The EXOvault Mouse was developed by the artist, engineer, designer, and overall maker Jonathan Schipper. Designed as an exercise to visually reinvent something mundane, something we take for granted, the mouse was developed at EXOvault’s facility in Brooklyn and it doesn’t just look great, but feels great too. It has weight, which allows you to command the cursor with confidence, while the clickers and scroll wheels provide a wonderfully smooth tactile feedback. With a PixArt 3000cpi sensor that works on glass and a 500mAh battery, the EXOvault mouse performs well too, giving you superior functionality and aesthetic unconventionality in a singular package that guarantees to make you instantly want to ditch your plastic mouse or trackpad!
The designers at BKID took the literal connotation of a computer ‘mouse’ and embodied its characterful persona into the Balance Mouse! During the day the mouse works like any other computer mouse, letting the user go about pursuing their tasks. However, when the clock strikes ‘home time’, the mouse exits the body and humourlessly rolls away. Not only is this a visual indicator that the workday is over, but its also pretty difficult to use a computer without a mouse!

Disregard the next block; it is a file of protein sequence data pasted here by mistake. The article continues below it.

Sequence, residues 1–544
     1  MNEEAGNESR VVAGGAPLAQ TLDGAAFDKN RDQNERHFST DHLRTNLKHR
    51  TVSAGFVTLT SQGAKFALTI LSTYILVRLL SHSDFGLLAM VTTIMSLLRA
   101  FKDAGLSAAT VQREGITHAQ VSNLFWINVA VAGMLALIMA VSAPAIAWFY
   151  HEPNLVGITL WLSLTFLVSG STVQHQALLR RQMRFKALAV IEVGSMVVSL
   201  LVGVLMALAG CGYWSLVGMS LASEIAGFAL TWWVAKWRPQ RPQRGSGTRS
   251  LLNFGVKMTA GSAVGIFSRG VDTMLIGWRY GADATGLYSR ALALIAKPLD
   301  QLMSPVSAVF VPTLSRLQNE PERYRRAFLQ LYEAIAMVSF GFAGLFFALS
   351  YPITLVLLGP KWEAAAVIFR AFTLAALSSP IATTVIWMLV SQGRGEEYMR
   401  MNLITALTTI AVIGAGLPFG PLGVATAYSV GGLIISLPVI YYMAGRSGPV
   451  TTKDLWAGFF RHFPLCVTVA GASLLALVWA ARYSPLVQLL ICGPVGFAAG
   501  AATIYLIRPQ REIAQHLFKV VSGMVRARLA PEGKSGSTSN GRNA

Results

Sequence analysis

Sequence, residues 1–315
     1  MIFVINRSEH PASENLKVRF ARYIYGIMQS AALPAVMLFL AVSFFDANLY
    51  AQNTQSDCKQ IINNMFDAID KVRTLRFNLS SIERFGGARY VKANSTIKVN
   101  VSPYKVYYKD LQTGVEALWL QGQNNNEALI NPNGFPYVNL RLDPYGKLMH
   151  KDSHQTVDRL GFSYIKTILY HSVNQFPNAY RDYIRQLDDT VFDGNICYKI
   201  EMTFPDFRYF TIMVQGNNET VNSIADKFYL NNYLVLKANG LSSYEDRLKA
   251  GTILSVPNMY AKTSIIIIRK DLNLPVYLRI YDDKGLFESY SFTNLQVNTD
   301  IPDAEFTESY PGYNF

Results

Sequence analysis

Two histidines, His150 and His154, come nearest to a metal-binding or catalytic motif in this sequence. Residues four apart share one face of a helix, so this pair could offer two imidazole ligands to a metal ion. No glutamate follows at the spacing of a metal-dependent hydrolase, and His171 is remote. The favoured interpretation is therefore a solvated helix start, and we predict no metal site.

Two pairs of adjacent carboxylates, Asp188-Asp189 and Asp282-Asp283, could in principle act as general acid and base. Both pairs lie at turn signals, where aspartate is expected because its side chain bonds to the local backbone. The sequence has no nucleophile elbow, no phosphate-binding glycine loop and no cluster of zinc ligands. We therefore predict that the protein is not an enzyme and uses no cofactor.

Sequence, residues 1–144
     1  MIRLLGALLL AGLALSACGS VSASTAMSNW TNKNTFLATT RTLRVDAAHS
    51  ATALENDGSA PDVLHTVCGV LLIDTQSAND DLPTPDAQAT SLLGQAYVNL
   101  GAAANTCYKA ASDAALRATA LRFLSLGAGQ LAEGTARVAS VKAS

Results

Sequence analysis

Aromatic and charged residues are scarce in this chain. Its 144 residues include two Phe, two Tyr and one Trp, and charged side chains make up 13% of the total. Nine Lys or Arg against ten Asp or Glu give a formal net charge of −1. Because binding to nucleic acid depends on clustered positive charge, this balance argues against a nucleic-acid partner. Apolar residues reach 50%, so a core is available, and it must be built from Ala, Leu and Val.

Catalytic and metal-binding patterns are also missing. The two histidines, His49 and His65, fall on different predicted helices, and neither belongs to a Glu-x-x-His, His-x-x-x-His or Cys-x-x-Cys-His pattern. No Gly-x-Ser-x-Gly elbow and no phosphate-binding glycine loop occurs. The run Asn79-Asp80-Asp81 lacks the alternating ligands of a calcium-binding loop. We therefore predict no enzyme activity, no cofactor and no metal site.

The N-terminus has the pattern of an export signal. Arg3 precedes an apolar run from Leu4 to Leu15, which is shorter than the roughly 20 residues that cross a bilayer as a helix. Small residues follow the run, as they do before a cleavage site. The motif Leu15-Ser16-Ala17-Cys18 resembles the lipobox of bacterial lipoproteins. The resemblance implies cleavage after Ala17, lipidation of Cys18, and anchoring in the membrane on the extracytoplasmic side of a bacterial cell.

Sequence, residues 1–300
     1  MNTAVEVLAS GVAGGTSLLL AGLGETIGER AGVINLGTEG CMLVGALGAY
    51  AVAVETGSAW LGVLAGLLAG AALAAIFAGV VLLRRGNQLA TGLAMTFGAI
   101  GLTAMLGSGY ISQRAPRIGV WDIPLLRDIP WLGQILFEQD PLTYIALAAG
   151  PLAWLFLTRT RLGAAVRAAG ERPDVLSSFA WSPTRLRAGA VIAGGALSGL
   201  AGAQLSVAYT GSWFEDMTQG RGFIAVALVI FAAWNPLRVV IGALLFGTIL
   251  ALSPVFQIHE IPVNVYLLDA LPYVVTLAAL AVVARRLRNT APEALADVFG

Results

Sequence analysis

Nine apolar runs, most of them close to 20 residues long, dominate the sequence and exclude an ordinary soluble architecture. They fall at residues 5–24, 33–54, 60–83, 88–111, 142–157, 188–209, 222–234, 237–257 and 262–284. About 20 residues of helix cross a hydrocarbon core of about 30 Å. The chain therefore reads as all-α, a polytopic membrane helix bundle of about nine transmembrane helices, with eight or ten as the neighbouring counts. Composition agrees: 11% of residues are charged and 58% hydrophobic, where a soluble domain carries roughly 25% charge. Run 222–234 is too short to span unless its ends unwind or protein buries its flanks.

The Manta Mouse by Alberto Aguado Baudil takes inspiration from the Manta Ray, with its wide, stingray-inspired design. At the very center is a bulbous volume that forms the bulk of the mouse, the part your palm rests on, while the rest of the mouse skirts around the side. This side-skirt essentially works as a cushion for the base of your palm, promising to give your hand a comfortable place to rest as you operate the mouse.
Admittedly, the name Alienware AV610M doesn’t roll off the tongue easily, but the device corresponding to the name looks like an absolute beast. With a form that truly looks like a UFO, complete with wings and even LED lights glowing ominously on the inside, the AV610M lets you dominate your virtual battlefield… with 350-hours of battery time, no less. The rechargeable gaming mouse comes with 7 fully programmable buttons and a 16,000 DIP precision sensor to give you a solid edge over your competition.